Monday, 27 January 2014


I have been thinking about modern childhood a lot recently.

A wonderful writer called Carl Honoré says in his book “Under Pressure” that 20th century gave us the ‘free-range child’ who played a lot and spent his free time outdoors, whereas in the 21st century we, in the industrialised countries at least, tend to have the ‘managed child’ (also known as ‘micro-managed’ or ‘project-managed’), whose life seems to be about fulfilling his parents’ ambitions more than his own[1]. Too many scheduled activities, academic pressure from early on, fierce competition and heartless homework in schools, all work together to rob our children of that most precious thing they have – the childhood itself.

Last Saturday morning Ana, Sacha and I rushed to the Playhouse Theatre to try out their Theatre Tots class. I come from a thespian family and so anything to do with theatre is both very familiar and very emotional for me. But this was not our reason for going. What was going through my mind was not that Ana would one day grace the stage as a talented actress who would have made my dad proud, nor even the (much more common, I guess) parental drive to make their child more confident and outgoing (as it happens, Ana seems to be confident and outgoing enough as she is, but that’s besides the point). I somehow became convinced that winter is the Season Of Boredom in our house, that all the new toys Ana had been given at Christmas have already lost their appeal (it is now already the end of January, after all), that she feels under-stimulated and under-socialised, and that she really must go and do something else apart from her three mornings of pre-school, one morning of playgroup, one afternoon sport session, and various play dates (both in our own house and other children’s). After all, what is there really for her to do at home, except paint, draw, do arts and crafts, play with play dough, read her books, play with her brother, play with her toys, and of course command my almost-total attention, whether to just chat, sing songs, read stories or whatever? It just didn’t seem like enough.

Ana didn’t say very much about going to this class, but then, she didn’t exactly know where she was going. I wasn’t sure how to explain the concept of Theatre Tots to her so I said that we were going to another playgroup, and if she likes it, we would go every week.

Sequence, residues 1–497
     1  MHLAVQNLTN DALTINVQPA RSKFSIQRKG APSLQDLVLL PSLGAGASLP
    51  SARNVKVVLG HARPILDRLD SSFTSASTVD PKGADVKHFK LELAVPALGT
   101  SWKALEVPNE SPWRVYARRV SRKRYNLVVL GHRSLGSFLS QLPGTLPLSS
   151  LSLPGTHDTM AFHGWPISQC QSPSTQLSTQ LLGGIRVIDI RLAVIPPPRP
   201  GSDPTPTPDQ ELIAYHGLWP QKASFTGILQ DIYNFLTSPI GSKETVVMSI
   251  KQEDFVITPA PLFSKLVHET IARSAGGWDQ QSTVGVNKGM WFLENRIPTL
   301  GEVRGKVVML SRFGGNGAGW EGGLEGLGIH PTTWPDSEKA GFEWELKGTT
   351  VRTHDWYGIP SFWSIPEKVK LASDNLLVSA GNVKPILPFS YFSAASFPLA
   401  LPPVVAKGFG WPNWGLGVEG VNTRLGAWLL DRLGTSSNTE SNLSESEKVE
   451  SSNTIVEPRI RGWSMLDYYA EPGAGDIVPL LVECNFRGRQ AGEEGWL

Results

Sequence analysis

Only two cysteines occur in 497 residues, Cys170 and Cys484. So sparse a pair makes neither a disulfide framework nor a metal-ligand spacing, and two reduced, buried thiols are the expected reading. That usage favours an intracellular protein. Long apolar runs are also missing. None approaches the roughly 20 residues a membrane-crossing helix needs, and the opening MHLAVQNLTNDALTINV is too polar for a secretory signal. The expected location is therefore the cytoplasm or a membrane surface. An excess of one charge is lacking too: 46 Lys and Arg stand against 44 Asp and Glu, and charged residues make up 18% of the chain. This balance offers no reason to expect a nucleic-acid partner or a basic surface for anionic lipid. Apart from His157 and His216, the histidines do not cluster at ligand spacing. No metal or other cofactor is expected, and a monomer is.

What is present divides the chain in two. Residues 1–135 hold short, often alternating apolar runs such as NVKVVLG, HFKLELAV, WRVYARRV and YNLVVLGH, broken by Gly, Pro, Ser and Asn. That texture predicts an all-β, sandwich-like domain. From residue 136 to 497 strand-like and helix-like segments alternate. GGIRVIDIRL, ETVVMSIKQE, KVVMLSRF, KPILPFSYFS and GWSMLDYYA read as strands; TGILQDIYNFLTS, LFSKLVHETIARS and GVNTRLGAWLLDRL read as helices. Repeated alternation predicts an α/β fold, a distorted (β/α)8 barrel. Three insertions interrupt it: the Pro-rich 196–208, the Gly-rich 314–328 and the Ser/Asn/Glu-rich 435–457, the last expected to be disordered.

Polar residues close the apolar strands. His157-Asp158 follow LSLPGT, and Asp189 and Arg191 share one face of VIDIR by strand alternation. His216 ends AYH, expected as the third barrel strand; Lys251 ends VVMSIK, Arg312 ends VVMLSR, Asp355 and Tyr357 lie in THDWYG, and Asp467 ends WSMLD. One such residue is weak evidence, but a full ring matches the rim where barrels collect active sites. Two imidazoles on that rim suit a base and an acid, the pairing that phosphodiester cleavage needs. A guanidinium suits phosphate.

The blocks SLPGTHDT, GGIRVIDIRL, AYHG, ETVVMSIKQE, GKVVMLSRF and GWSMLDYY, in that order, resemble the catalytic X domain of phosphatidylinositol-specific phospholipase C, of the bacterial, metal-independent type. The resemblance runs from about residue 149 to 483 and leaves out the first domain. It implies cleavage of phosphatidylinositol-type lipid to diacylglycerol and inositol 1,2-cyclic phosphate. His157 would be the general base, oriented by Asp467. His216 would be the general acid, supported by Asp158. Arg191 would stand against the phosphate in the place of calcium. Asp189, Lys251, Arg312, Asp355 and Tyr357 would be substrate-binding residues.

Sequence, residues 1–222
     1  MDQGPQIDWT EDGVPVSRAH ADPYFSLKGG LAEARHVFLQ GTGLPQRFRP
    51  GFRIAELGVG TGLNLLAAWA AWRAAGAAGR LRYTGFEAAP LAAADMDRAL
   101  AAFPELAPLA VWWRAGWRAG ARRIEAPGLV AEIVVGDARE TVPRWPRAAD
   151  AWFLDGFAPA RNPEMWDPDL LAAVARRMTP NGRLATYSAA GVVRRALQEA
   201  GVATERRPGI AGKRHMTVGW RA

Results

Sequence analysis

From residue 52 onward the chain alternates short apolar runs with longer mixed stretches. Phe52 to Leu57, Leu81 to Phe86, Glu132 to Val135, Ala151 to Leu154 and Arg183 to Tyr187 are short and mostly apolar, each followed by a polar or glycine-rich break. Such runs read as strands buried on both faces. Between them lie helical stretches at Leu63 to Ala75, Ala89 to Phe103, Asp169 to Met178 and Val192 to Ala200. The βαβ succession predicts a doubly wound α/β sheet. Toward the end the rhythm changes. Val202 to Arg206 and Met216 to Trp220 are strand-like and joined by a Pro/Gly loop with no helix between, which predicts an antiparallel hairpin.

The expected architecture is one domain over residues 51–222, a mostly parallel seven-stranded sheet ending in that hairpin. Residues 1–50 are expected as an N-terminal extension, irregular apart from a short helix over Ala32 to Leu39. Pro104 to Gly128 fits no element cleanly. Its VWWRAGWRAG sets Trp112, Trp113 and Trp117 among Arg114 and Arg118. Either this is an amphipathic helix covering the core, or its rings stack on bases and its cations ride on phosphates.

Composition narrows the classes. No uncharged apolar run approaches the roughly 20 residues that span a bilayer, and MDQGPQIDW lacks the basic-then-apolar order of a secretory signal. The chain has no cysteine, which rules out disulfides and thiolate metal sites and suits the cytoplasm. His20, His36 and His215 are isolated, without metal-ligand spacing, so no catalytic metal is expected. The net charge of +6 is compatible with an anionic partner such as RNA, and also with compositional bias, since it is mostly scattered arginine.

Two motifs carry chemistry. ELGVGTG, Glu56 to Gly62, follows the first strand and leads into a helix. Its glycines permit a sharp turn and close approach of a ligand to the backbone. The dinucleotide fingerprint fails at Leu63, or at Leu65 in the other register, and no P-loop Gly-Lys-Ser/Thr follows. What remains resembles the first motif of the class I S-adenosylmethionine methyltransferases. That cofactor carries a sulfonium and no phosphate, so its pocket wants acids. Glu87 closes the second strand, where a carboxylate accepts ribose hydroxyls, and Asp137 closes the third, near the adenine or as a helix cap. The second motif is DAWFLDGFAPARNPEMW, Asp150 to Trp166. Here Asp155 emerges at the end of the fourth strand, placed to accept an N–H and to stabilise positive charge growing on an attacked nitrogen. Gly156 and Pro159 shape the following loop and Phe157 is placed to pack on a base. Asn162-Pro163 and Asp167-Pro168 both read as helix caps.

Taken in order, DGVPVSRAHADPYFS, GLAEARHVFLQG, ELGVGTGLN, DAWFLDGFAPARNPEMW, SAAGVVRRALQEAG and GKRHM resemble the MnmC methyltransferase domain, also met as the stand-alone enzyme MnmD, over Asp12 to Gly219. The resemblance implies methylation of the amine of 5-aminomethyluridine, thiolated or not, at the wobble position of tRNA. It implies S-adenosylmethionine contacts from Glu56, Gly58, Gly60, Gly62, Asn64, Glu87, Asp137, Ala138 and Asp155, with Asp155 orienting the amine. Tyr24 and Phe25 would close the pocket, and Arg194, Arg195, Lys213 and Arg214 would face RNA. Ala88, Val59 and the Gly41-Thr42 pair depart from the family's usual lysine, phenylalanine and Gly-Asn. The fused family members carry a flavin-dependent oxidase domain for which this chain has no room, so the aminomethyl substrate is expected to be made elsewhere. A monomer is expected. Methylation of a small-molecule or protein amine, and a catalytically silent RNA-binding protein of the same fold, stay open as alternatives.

In the class itself, two young women in their early twenties were taking a group of eight children through a series of what I could only call imagination exercises – there were imaginary journeys and adventures to go on, various perils to avoid (dragons, witches, dinosaurs), various props to take along (torches, bags with food) and various tricky situations to navigate (quick, the witch is coming – everybody hide!). There was also some good old fashioned pretending to be something; so if you’re ‘broad bean’ you would stand with your arms wide apart, if you’re ‘French bean’ you put your index finger to your lips and say "Oooh la la!" (this was probably my favourite – very cute seeing three-year-olds do this). But all this done in a room that’s empty apart from a few chairs and with absolutely no props at all, except imagination. Yes, it really was theatre. In theatre, we tell stories which engage our minds to imagine, to look further than the stage, to overcome disbelief and accept that the space in front of us really is a boat on the wide open sea, the tower of a castle, the bed in a hospital room. So it was theatre. I liked it, my father would have liked it, but - Ana didn’t like it.

This little girl who, when we first went to try out the sport class, ran away into the crowd of children without even glancing backwards at me, spent the entire Theatre Tots class sat in my lap (much to Sacha’s disapproval – he had to be confined to his pushchair and clearly didn’t appreciate this!). At the end of the class, when I said “Shall we go home?” she seemed relieved as she exclaimed “Yes, let’s go home and play!”.

The woman who runs the theatre school said to me in quite a dismissive voice: “Oh most children are a bit unsure at first. Just come again next week and leave her in the class, she’ll get into it when she realises you’re not there”. Even a few weeks ago, I might have been tempted to say “Shall we do that, Ana, shall we come back next week? We’ll try again, right? All those children were having so much fun.”

And this is when my recent musings on modern parenthood and Carl Honoré’s book really came to save me. And so, I am not going to bring my child back to an activity she didn’t like and didn’t want to join in, and I will certainly not abandon her there to see if she might “get into it”. In the zeal of modern parenthood, it’s all too easy to assume that we always know what’s best for our children, even when it’s an area where they are actually the experts: play, fun, and deciding what activities they would like to do. Not what we would like them to do.

So I said no thanks. Ana only has one childhood, and she is not going to spend it doing things to please me. Furthermore, if she tells me tomorrow that she no longer wants to go to her sport session or the playgroup or any of the play dates even, we will stop going. It is lovely to know that sometimes she just wants to be at home where her dolls and her crayons are waiting. And maybe, sometimes, even a little bit of boredom. Never mind the modern childhood – these are the symbols of a timeless childhood, and while I may not be able to give Ana the total freedom to roam the fields or play in the street all day like I used to when I was little, I will do my best to make sure she enjoys every day of these special years.

[1] When I write “he” that is also meant to include “she”, and vice versa.

No comments:

Post a Comment